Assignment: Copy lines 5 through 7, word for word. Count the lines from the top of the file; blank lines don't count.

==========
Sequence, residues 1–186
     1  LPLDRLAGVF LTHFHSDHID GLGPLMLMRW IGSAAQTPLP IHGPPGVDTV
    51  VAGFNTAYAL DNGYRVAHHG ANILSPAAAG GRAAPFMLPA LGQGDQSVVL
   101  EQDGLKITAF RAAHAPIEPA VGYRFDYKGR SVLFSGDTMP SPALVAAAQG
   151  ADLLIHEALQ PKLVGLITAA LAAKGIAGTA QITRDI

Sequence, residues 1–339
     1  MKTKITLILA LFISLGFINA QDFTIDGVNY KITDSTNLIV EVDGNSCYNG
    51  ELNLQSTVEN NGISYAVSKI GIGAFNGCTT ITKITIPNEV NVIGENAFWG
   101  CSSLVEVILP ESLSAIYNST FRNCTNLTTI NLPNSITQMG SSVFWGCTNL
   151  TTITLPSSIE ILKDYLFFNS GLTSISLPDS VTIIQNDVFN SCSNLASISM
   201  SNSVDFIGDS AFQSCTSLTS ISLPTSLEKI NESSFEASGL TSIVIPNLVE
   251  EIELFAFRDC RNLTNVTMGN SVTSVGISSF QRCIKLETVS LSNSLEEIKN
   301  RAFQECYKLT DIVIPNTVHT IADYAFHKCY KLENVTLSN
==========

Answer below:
   151  ADLLIHEALQ PKLVGLITAA LAAKGIAGTA QITRDI

Sequence, residues 1–339
     1  MKTKITLILA LFISLGFINA QDFTIDGVNY KITDSTNLIV EVDGNSCYNG